Escaping the Pandemic

By Prof. Tissa Vitarana | Published: 2:00 AM Dec 9 2021
Columns Escaping the Pandemic

By Prof. Tissa Vitarana 

The global economic crisis has been aggravated by the health crisis due to Covid-19. In Sri Lanka these have been compounded by a severe food crisis. The impact of the global economic crisis has been mainly the result of the neo-liberal policies, based on a market economy, followed since 1977 by rightist forces, both abroad and here. Led by the UNP, serving the interests of the USA and its Imperialist allies, the local comprador, capitalist class. This has undermined the gains that were made since 1956 through the establishment of a national economy regulated by the Centre Left (SLFP, LSSP, CP) Governments serving the people, and the national capitalist class.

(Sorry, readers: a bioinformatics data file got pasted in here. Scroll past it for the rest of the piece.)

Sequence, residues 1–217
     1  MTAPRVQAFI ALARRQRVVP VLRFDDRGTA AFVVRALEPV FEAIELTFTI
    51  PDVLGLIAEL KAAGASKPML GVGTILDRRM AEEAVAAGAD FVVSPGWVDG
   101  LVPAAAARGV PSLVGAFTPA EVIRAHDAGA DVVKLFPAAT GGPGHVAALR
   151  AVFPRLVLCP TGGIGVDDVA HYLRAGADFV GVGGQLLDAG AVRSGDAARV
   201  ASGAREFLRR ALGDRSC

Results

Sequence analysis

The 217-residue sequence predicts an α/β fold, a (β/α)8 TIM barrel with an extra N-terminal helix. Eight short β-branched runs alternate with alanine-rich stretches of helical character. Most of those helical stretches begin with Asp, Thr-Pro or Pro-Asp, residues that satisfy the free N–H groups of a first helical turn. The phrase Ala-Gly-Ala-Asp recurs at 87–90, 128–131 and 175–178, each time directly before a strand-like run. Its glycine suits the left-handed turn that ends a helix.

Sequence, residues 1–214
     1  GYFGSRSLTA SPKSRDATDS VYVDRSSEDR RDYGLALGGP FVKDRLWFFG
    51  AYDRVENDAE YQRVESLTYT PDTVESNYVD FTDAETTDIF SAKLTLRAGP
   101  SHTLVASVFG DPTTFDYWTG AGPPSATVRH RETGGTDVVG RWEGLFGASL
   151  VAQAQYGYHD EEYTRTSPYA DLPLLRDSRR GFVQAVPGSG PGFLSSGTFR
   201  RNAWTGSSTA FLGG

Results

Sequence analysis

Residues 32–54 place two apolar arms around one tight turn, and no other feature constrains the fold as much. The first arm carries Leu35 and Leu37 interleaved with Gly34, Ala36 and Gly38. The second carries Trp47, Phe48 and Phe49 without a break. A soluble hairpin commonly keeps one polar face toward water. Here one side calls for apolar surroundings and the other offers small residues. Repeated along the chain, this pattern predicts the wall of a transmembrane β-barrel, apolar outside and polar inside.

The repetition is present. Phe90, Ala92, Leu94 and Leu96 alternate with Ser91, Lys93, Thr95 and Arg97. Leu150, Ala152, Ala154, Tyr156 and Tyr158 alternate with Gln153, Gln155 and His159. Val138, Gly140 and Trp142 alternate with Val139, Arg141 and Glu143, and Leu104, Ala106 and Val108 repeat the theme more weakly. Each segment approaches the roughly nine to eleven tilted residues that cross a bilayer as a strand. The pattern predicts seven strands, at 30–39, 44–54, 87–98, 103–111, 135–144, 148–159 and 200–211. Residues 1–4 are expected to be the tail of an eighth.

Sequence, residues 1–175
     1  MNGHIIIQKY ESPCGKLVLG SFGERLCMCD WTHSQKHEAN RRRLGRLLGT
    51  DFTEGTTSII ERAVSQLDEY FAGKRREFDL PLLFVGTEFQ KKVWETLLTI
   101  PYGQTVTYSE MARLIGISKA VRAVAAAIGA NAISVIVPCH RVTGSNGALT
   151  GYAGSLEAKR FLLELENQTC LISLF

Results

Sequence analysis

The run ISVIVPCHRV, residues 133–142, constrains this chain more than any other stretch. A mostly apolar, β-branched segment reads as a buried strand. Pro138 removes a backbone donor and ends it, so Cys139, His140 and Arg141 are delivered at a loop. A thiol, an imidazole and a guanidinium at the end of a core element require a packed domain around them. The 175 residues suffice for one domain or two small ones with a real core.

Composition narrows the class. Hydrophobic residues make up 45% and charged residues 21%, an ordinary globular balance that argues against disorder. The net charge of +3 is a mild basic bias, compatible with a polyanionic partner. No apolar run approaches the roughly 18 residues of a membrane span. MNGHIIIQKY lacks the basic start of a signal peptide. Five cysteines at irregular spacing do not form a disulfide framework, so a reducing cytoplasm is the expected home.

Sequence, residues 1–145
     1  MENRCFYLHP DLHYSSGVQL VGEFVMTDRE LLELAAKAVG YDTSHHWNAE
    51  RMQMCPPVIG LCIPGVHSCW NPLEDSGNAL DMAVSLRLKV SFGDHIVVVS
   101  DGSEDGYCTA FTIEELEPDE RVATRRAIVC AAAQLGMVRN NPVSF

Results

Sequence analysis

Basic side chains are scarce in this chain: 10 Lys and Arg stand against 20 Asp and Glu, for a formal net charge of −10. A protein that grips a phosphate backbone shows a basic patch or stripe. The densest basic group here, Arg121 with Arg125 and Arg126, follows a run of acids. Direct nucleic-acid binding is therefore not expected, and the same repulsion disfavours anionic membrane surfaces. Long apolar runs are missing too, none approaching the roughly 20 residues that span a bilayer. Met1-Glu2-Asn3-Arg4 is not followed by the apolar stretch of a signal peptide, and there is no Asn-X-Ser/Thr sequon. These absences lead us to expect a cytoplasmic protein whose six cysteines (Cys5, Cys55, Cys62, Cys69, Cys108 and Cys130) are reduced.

The SLPP-led Government returned to the national economic path after its massive victory over the UNP led “Yahapalanaya” Government. But already the people are disappointed that there has not been any change for the better in their situation. There is a massive increase in the price of food due to uncontrolled exploitation by the private sector. With 60 per cent of families living below the poverty line and the malnutrition rate going to a high level of 18 per cent not only are the people unable to buy much of their essential food requirements, many of them having to manage with one meal a day.